First Reading Commentary
The “friend” in this Reading is represented in the Latin Vulgate by the word “patruelis” which means “cousin”. This is the prophet’s word for Christ. The Hebrew text translates as “beloved”. To understand the prophecy, all three translations can certainly support the understanding of the Messiah. According to Jewish tradition, Isaiah is of the royal blood of the kings of Judah and therefore “cousin” identifies the Messiah as a blood relative, while “beloved” intimates a Messianic meaning. And “friend” should turn our thoughts to the words of Jesus: “I have called you friends” (John 15:15).
The name “Isaiah” in Hebrew signifies “the salvation of the Lord”. As a blood relative, Isaiah prophetically presents to us Christ lamenting over Jerusalem which is fulfilled in Luke 19:41.
God is the Master of the vineyard. And that vineyard is meticulously cared for and loved but what the vineyard produced was wild grapes which signify a people who did not return that care and love they had received. And so, the cause of Christ’s lament prophesied here is basically a broken Heart. And one can feel the incredible sadness that our Lord is experiencing in the question: “What more was there to do for My vineyard that I had not done?”
Second Reading Commentary
Have you ever known someone, read about someone, or perhaps by a great grace you are that someone who possesses “the peace of God that surpasses all understanding”? In our modern day one of the persons that might come to mind fitting that description is Blessed Teresa of Calcutta, even though we learned after her death, via her letters, of the dark night of the soul experience she was living through for many years. Surely, though, she had possessed God’s peace and one need not look any further for evidence of this than by reviewing her daily grind and living conditions. To live how she lived and do what she did without complaint can only be heaven sent.
She was also not afraid to point out evil when she saw it. On February of 1995 at the National Prayer Breakfast, Mother Teresa received a standing ovation by many that were present. The President of the United States, however, reached for a glass of water while the First Lady, the Vice-President and his wife looked like they were in shock after hearing Mother’s speech which included the following: “I feel that the greatest destroyer of peace today is abortion, because it is a war against the child — a direct killing of the innocent child — murder by the mother herself. And if we accept that a mother can kill even her own child, how can we tell other people not to kill one another? How do we persuade a woman not to have an abortion? As always, we must persuade her with love, and we remind ourselves that love means to be willing to give until it hurts. Jesus gave even His life to love us. So the mother who is thinking of abortion, should be helped to love — that is, to give until it hurts her plans, or her free time, to respect the life of her child. The father of that child, whoever he is, must also give until it hurts. By abortion, the mother does not learn to love, but kills even her own child to solve her problems. And by abortion, the father is told that he does not have to take any responsibility at all for the child he has brought into the world. That father is likely to put other women into the same trouble; so abortion just leads to more abortion. Any country that accepts abortion is not teaching the people to love, but to use any violence to get what they want. That is why the greatest destroyer of love and peace is abortion.”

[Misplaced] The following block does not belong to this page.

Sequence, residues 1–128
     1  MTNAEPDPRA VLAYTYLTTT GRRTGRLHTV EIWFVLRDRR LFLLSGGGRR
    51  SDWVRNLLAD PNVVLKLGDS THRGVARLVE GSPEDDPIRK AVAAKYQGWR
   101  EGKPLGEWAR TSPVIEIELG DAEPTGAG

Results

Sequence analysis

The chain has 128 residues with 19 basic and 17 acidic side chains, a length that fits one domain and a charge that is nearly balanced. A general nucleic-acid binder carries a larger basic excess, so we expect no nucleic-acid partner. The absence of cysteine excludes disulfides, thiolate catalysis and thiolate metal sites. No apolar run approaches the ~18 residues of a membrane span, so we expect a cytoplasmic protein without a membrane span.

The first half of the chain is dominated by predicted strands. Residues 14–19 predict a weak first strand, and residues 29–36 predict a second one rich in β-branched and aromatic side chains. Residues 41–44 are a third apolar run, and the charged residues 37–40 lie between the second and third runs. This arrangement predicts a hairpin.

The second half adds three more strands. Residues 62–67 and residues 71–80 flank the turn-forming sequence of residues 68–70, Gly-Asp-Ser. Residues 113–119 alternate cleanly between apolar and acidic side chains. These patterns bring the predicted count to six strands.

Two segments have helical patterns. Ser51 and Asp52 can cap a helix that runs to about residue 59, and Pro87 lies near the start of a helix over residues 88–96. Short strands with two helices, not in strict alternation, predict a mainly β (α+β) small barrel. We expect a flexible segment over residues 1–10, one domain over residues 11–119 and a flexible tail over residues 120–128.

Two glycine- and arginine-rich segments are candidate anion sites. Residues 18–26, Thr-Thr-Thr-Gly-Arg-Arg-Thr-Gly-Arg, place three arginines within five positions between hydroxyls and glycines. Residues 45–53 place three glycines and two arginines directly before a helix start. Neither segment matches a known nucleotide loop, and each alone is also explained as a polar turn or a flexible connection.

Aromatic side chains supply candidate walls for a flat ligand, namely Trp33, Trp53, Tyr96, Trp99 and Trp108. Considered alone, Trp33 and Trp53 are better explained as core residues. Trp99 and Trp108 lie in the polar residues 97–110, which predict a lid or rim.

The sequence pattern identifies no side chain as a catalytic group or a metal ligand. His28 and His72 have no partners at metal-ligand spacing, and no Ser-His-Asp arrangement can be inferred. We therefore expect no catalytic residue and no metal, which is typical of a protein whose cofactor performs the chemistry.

Certainly Saint Paul would agree that Mother Teresa’s speech was courageous; but she also was speaking words that were true, just and worthy of praise. And she could only make such an eyebrow raising speech by being confident that her heart and mind were guarded by Jesus Christ.
Let’s begin by lining up who is represented by the characters in the parable that Jesus presents to us: The landowner is God our heavenly Father; the vineyard is the house of Israel but on a larger and wider scope the vineyard is the whole world in which Jesus died for; the tenants are the priests of the Mosaic covenant but again looking at the bigger picture, the tenants represent all of humanity; the servants represent the prophets who have been sent to Israel from time-to-time. The son is our Lord and Savior, Jesus Christ.
Now that the characters are in place it’s pretty easy to interpret the parable. God has kept His loving gaze on us since the beginning of human creation. He went well beyond the call of duty to secure our salvation. A Messiah-Redeemer had been foretold by the prophets, many of whom suffered persecution and death. Finally the Messiah, the son of the landowner is sent and He is also killed.
Saint Nicholas of Lyra points out that the parable is not intended to suggest that God was somehow oblivious to what would occur; after all, it is His Son Who is telling the story. On the contrary, Jesus shares this parable to not only foretell what will occur, but He also tells it to show how things could have been different if humanity would have abandoned their sinful ways.